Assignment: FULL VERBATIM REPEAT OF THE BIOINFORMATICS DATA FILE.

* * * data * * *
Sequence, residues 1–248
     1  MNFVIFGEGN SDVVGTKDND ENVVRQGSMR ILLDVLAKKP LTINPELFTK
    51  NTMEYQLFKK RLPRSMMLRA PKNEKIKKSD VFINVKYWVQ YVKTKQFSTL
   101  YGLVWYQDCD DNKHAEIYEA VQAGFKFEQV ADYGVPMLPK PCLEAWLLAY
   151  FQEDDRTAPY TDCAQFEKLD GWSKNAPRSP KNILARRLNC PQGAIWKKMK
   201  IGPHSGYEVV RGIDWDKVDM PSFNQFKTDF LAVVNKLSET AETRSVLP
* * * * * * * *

Sequence, residues 1–248
     1  MNFVIFGEGN SDVVGTKDND ENVVRQGSMR ILLDVLAKKP LTINPELFTK
    51  NTMEYQLFKK RLPRSMMLRA PKNEKIKKSD VFINVKYWVQ YVKTKQFSTL
   101  YGLVWYQDCD DNKHAEIYEA VQAGFKFEQV ADYGVPMLPK PCLEAWLLAY
   151  FQEDDRTAPY TDCAQFEKLD GWSKNAPRSP KNILARRLNC PQGAIWKKMK
   201  IGPHSGYEVV RGIDWDKVDM PSFNQFKTDF LAVVNKLSET AETRSVLP